Located in the Historic Overtown Folklife Village, Northwest Second Avenue from 8th to 10th streets, the exhibition tent was connected by a few steps to Folk Life Fridays, a monthly open-air market, arts & crafts and food fair created and operated by New Washington Heights CDC on the Ninth Street Pedestrian Mall.
The next several years, Overtown emerged as an Art Basel satellite fair. It is a collaboration of Miami’s SEOPW CRA, the Greater Miami Convention and Visitors Bureau, The Urban Collective, and The Black Archives/Lyric Theater. Shop, Dine and Explore was the theme. Original works of local artists were exhibited in the nearby historic Ward Rooming House Cultural Tourist Gallery, 949 NW Ninth St. At the evening reception patrons strolled back and forth from the exhibition tent to the Ward Gallery following lanterns on a guided path.
In 2014, in place of the exhibition tent, the fine artwork of 20 contemporary artists from the Global African Diaspora was shown around the corner in a storefront transformed into a gallery at the Carver Building, 801 NW Third Ave. The evening reception included two artists painting and live mannequins modeling among the art.
Under the starry sky, patrons strolled back and forth from the Carver to the historic Lyric Theater. The theater’s new lobby and Welcome Center were transformed into a gallery showcasing the works of regional artists and featured Overtown’s urban expressionist artist, Purvis Young. In a salon-style exhibition, approximately 200 pieces representing his work were exhibited from collections owned by The Black Archives of South Florida and the Bass Museum of Art on Miami Beach.
This year’s initiatives included students from the Overtown Youth Coalition’s Art Program participating with local artist Chivas Davis in a community mural paint party at the Old Clyde Killen’s Pool Hall located at 920 NW Second Ave.; and children from the Carver building painting on panels.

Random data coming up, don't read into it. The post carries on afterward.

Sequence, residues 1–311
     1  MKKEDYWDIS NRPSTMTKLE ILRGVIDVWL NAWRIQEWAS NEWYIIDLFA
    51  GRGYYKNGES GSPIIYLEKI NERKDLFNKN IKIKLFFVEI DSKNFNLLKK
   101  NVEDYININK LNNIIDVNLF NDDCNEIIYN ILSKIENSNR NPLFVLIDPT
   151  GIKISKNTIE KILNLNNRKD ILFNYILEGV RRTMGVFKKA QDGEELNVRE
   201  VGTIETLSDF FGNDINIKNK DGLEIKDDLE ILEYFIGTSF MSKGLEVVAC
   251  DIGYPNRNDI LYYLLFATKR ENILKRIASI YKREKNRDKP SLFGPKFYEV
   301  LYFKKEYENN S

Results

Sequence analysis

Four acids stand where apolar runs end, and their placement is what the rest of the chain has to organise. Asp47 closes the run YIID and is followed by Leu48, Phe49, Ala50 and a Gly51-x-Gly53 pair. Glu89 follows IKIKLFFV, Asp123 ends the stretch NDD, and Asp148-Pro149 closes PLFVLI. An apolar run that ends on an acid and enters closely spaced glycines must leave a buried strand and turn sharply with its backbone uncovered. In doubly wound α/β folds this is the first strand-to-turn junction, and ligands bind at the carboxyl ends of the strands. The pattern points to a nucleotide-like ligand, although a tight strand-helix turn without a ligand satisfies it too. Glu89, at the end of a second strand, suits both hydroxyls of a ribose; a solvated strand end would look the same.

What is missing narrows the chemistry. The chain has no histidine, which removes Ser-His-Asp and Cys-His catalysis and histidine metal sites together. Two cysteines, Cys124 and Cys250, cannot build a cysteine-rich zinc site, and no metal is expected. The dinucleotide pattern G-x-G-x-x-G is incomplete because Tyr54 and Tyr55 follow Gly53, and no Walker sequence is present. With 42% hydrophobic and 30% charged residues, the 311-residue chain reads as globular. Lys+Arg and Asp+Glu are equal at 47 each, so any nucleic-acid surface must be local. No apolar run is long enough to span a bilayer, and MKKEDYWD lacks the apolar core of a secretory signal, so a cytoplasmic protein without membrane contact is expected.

Another initiative, “The Art of Black Miami” launched by the Greater Miami Convention and Visitors Bureau (GMCVB), was introduced at the Little Haiti Cultural Center. This initiative presents a new platform spotlighting local, national and international aspiring and renown artists. Continuing year-round, it is a celebration of the abundant artistic diversity found within Miami’s mosaic neighborhoods including Coconut Grove, Little Haiti, North Miami and Opa-locka.
At each Art Basel event, Miami Commissioner Keon Hardemon passionately spoke of Historic Overtown Soul Basel as a vehicle for promoting our community’s history and culture, the investment of Miami SEOPW CRA and the need to continue attracting tourists. To that end, local organizers will soon begin planning satellite events for Art Basel Miami weekend, Dec. 3-6, 2015. Mark your calendar and watch for upcoming announcements, community participation in these events is enthusiastically encouraged.
Dorothy Jenkins Fields, PhD, is a historian and founder of the Black Archives, History and Research Foundation of South Florida Inc. Send feedback to email@example.com.